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DO ObseRve (DOOR): A Practical Social Observation Strategy for Managing Social Transitions

Author(s): Kari Zweber Palmer, MA, CCC-SLP, Ryan Hendrix, MS, CCC-SLP, Michelle Garcia Winner, MA, CCC-SLP, Pamela Crooke, PhD, CCC-SLP

Explore the teachable role that everyday doors play in developing social observation skills. Doors not only define physical spaces, but they also serve as visual cues for transitioning into new situations. By encouraging our students, children, and clients to use the Do ObseRve strategy before entering a new space, they can first imagine the situation, gather information by thinking with their eyes, ears, and brain as they observe the situation, and then make smart guesses about what to expect to manage the transition and navigate social situations more effectively. Use this simple strategy in school, at home, and in the community.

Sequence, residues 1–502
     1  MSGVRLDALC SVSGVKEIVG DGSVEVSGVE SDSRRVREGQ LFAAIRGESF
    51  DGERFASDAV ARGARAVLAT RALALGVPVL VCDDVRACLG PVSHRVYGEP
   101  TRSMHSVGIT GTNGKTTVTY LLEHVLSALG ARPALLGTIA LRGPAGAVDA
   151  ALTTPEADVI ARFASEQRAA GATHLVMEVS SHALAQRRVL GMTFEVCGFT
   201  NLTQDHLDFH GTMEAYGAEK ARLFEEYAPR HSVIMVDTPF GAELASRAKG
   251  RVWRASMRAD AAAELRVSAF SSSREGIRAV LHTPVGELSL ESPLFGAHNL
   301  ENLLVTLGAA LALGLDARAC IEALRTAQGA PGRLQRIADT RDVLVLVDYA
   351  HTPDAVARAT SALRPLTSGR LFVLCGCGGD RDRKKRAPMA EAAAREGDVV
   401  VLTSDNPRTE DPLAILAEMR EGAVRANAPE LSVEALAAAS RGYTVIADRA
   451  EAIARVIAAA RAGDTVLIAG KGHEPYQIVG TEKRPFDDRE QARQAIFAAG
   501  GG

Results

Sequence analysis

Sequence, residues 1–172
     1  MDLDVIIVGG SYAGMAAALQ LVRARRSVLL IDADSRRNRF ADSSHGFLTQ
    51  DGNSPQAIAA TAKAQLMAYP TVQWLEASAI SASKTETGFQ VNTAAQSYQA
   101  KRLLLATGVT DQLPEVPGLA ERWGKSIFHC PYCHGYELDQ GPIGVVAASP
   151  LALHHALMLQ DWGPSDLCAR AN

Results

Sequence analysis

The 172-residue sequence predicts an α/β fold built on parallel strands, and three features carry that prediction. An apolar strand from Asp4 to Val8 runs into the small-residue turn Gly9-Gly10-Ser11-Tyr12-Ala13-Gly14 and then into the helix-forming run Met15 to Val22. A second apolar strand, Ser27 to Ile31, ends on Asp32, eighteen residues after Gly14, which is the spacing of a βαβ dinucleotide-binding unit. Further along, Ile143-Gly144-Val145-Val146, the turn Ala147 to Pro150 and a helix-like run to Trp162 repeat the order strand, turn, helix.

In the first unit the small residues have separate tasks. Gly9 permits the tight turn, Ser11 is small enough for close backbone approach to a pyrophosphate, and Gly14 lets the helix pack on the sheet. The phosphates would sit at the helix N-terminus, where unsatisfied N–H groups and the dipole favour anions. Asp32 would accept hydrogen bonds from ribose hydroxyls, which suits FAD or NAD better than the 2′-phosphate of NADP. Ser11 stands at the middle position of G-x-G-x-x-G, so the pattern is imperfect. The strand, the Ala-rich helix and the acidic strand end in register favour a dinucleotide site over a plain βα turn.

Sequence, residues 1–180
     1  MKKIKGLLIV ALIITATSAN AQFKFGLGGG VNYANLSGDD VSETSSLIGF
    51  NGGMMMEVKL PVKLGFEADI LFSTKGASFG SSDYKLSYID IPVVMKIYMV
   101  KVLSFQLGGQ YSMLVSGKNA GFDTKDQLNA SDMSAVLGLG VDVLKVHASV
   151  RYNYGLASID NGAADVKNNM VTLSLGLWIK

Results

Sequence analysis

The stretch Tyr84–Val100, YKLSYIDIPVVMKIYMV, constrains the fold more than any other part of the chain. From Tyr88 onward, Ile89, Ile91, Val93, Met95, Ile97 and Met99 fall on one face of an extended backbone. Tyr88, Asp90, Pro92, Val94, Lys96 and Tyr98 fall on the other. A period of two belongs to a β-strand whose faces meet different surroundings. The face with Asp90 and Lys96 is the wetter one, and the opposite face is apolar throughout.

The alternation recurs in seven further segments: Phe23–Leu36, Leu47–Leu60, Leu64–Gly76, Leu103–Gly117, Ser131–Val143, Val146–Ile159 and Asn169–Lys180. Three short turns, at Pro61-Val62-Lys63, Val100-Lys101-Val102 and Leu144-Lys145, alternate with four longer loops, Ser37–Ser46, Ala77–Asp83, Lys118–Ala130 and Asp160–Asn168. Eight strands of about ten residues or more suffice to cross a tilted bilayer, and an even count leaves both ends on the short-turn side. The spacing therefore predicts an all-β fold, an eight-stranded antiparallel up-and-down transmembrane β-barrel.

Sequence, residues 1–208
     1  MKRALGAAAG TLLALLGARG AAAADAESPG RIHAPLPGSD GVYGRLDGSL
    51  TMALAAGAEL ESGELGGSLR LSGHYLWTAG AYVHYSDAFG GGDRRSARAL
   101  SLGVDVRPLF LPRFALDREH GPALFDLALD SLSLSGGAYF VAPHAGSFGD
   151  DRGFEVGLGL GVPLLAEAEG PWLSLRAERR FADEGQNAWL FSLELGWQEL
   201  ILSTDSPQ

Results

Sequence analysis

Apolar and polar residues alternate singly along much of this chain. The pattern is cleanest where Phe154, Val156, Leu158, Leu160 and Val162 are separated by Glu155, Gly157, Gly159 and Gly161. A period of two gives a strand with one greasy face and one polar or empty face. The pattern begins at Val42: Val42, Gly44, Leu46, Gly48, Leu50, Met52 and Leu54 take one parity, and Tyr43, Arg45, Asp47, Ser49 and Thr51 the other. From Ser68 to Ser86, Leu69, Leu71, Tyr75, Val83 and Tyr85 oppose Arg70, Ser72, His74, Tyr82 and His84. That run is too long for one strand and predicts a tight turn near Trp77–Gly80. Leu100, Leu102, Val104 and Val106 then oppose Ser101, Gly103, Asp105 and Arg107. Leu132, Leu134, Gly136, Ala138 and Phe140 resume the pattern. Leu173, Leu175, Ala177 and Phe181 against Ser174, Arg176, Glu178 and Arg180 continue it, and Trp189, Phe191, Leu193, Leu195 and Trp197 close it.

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The ABCs of Summer Boredom: Awareness, Curiosity, and Action

Author(s): Michelle Garcia Winner, MA, CCC-SLP, Pamela Crooke, PhD, CCC-SLP, Kari Zweber Palmer, MA, CCC-SLP, Ryan Hendrix, MS, CCC-SLP

“I’m bored!” Those familiar (yet dreaded!) words can often punctuate the lazy days of summer we hope to be filled with fun, adventure, and new experiences. But boredom, like any other feeling, holds valuable information. Recognizing and understanding boredom is the first step toward transforming it into something more fulfilling. In this article, we explore the signs of summer boredom, particularly focusing on children and teens, and delve into strategies to combat its restlessness, ignite creativity, and empower guided decision-making.